ARTIST SPOTLIGHT: Shouse ‘blessed’ with opportunities for exposure

(Photo provided)
Matt Shouse (Photo provided)

Indiana Jones – a hero to many, an inspiration to others. Ironically, it was the cameraman in the back of a moving pickup truck filming the iconic action sequences that caught seven-year-old Matt Shouse’s attention and inspired him to enter the field of film production.

Following his passion for cinema, Shouse picked up a camera and learned the art. By senior year of high school, he earned exposure by winning Envision Film Festival’s “Best High School Film Award” in 2012. Later that same year, his short documentary on a humane society in his hometown in Fairmount, Ind. was selected to be an honorable mention in the high school division in the Heartland Film Festival, one of the nation’s most selective festivals.

The following year, he recieved a call from the festival announcing that his latest film on an urban gardening community in Indianapolis had been selected for the shorts category at the film festival for that year. Of the thousand plus submissions, Shouse’s was one of about 60 total films that was selected.

“Being accepted to the Heartland again the following year was an even bigger deal,” Shouse said. “In 2013, I went live on the radio with some Heartland Film Festival judges and made a brief appearance in a TV interview.”

A year later at an annual event called “CineGear” which exhibits the latest gear in the film industry and allows people to network, Shouse attended a presentation hosted by world-renowned cinematographer Shane Hulbert. At its conclusion, Shouse approached and engaged him in conversation. By the end of the conversation, Hulbert invited Shouse to help him with a shoot for his website.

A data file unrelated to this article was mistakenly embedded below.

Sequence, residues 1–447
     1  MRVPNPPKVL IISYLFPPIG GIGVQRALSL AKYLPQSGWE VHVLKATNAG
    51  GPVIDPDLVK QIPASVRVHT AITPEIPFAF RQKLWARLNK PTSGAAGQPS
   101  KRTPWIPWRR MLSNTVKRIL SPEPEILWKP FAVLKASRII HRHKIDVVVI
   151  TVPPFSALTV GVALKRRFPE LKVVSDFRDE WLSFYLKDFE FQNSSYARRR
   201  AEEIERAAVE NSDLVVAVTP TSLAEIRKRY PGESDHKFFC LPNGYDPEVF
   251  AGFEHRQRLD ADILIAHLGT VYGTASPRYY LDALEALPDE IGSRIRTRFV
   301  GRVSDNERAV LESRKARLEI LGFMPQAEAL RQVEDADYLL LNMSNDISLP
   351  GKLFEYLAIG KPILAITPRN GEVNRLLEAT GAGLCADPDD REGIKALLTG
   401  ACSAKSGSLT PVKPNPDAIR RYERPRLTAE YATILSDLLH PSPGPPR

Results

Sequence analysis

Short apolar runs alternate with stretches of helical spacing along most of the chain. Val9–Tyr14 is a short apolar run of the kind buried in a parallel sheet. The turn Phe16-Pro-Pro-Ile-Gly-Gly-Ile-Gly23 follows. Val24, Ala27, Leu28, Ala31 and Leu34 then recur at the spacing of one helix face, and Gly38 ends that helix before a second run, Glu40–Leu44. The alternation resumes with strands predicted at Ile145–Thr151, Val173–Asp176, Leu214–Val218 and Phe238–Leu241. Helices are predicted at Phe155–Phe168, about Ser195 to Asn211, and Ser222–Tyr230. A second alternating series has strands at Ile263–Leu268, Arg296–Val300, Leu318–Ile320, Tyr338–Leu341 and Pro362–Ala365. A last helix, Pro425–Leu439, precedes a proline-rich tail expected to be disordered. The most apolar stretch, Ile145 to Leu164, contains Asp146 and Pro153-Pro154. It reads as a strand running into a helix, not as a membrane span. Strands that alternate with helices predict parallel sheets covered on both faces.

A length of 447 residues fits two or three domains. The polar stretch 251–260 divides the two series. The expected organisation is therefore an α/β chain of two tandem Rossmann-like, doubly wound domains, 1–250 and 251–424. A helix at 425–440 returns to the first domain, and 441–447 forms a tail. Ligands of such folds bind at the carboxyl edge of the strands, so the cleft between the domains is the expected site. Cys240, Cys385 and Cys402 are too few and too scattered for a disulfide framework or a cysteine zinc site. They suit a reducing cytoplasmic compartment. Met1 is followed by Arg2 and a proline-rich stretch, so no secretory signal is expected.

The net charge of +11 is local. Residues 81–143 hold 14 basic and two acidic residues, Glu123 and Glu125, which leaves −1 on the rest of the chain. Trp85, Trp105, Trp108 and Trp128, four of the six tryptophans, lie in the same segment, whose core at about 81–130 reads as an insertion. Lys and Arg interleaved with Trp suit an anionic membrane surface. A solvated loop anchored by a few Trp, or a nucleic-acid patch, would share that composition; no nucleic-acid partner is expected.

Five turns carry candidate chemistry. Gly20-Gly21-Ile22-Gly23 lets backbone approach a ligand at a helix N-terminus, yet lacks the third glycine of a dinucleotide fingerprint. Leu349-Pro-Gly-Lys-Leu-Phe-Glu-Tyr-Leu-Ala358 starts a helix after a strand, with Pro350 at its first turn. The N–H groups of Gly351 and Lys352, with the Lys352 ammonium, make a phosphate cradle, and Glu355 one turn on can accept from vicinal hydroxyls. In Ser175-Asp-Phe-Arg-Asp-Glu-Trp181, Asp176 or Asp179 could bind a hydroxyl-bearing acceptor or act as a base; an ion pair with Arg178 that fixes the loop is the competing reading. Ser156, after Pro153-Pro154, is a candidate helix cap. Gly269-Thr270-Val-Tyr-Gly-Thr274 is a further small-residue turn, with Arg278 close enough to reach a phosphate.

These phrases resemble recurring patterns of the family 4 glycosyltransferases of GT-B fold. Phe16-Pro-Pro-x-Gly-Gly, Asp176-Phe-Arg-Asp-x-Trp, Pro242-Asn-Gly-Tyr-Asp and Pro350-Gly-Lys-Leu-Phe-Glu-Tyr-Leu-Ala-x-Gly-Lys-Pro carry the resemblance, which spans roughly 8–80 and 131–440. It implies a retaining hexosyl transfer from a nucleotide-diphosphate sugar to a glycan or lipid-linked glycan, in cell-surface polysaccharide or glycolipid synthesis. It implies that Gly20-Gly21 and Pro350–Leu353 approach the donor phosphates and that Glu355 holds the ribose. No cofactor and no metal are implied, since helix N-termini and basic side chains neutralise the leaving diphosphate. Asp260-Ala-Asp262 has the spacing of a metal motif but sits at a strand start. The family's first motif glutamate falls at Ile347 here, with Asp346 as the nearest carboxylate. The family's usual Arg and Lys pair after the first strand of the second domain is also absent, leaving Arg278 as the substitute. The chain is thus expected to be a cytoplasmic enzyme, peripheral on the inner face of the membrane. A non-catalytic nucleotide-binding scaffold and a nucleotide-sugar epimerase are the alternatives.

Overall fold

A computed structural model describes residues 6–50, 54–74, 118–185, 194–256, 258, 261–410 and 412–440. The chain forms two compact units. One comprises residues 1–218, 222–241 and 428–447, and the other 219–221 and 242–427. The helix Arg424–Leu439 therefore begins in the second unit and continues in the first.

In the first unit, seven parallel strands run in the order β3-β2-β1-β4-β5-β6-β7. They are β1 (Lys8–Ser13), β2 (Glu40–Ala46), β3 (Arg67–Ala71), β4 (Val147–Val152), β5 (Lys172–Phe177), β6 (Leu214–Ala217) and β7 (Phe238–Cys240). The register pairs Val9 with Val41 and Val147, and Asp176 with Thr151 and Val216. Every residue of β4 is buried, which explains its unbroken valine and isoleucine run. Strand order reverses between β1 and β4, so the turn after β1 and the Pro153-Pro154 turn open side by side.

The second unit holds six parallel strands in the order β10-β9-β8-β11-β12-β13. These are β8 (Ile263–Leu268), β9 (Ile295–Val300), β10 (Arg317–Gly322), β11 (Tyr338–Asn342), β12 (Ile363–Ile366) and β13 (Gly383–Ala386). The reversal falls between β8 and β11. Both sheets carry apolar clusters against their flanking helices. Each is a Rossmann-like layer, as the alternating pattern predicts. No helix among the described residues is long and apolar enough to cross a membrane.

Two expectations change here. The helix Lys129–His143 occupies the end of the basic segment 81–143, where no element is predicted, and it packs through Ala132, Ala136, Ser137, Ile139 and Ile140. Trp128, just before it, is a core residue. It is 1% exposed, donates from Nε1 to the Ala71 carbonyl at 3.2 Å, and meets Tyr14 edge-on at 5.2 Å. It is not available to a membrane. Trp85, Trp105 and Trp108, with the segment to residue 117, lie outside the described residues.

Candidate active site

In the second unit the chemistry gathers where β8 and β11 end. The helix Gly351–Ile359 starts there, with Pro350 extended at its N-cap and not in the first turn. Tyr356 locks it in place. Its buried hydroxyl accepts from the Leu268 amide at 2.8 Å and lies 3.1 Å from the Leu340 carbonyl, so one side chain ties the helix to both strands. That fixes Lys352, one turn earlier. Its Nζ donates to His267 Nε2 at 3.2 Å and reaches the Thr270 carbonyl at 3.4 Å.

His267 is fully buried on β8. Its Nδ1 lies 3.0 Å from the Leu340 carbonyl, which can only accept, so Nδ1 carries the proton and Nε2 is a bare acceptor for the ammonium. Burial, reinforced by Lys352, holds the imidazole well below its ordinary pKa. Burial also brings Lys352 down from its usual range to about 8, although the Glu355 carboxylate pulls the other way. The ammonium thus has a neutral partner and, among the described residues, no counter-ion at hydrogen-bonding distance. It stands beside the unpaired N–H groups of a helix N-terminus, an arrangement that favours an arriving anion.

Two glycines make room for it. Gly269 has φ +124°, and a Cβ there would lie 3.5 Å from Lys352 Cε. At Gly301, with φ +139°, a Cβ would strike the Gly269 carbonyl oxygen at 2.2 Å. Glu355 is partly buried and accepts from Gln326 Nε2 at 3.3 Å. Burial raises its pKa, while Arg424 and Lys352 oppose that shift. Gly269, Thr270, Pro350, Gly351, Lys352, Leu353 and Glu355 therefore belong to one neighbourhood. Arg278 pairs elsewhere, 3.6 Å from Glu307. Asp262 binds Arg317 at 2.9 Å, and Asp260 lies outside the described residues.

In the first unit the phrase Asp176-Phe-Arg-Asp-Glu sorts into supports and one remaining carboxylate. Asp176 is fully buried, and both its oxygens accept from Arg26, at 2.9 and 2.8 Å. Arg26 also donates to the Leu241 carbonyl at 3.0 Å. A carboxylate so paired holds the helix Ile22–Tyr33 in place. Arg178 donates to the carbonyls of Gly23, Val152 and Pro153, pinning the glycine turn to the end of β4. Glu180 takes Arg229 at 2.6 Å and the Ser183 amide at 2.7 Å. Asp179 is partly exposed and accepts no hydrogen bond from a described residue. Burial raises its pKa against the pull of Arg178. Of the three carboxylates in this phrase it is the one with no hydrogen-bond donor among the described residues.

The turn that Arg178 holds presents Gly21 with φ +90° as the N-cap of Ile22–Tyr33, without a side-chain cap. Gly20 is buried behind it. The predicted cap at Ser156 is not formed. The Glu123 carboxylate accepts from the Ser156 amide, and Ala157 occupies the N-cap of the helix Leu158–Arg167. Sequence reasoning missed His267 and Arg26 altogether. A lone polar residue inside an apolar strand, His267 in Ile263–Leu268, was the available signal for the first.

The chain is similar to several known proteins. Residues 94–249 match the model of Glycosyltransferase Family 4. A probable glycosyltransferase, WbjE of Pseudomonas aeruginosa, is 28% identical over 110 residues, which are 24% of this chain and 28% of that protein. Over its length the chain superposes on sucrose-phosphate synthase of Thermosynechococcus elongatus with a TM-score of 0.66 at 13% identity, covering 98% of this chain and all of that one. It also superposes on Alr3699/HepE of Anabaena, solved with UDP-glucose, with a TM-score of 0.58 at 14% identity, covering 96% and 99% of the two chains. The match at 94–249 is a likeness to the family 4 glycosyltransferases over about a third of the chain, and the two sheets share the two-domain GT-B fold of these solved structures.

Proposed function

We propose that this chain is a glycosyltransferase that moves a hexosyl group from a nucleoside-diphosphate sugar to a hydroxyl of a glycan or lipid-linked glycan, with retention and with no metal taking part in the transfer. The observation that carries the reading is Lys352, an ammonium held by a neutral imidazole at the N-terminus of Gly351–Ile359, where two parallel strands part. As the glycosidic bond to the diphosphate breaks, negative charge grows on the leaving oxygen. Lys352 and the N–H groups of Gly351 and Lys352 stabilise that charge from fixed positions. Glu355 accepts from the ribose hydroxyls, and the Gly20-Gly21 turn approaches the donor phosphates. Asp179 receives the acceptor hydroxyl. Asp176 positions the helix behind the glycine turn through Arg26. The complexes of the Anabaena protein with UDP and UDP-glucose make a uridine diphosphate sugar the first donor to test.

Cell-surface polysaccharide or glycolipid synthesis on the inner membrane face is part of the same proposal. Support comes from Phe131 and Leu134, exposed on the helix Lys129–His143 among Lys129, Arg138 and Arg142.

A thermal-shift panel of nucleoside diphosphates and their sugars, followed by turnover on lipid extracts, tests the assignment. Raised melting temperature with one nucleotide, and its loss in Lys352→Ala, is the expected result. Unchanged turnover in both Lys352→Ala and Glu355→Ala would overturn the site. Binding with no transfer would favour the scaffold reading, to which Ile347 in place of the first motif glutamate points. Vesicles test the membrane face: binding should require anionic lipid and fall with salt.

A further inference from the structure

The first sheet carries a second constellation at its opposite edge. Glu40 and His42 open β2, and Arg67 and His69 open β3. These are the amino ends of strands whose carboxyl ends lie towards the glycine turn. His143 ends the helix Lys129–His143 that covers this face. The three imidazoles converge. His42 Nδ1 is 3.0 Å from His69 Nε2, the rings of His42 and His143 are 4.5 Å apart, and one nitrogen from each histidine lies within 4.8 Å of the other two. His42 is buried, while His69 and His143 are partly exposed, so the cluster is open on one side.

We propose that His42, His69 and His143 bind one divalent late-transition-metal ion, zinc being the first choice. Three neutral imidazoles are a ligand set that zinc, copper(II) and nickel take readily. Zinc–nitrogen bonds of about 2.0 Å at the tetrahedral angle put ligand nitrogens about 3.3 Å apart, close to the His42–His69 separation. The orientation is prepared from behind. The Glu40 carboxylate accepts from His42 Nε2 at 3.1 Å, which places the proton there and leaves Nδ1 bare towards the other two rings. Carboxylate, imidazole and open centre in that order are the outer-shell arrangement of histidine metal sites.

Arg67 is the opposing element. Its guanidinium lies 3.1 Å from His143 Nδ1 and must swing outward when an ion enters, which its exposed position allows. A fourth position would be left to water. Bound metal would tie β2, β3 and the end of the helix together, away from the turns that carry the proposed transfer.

“He was doing an intro for some lenses that he was testing out,” Shouse said. “I was working with other people and learning a lot. Shane had top of the line gear for us to use so that was fun. I met some cool people that I’ve been friends with since.”

Shouse also helped with the Wright 3rd viral parody video of the official “Thrift Shop” music video from 2012.

“We shot the video in my hometown thrift store, so I helped to arrange that,” he said. “I helped with the cinematography and camera side of things. We shot for two weekends.”

Without many expectations, upon uploading the video on YouTube, Shouse witnessed in disbelief as the video quickly exploded with popularity.

“What started out as just a fun project now has over 500,000 views on YouTube,” he said. “It’s awesome to know that many people have seen something that I was a part of.”

With so many opportunities to develop and showcase his work, Shouse said it was difficult to choose a significant moment in his career because he has been “blessed with many great experiences.” Defining his film career as a blend of both business and creative arts, Shouse said a job that allowed him to exercise both of those aspects in Los Angeles has been one of his most memorable experiences.

“I will never forget when I boarded a plane last August and headed to Los Angeles to work on multiple short films,” he said. “That was a bucket list thing for me. It was crazy to me that someone would pay money to fly me over a thousand miles to shoot their film.”

Upon graduation, Shouse said he hopes to enter the cinematic playground and move to Los Angeles. Film, however, will not limit his career possibilities.

“I’ve also gotten super into photography lately,” he said. “I’d love to shoot a magazine cover some day.”

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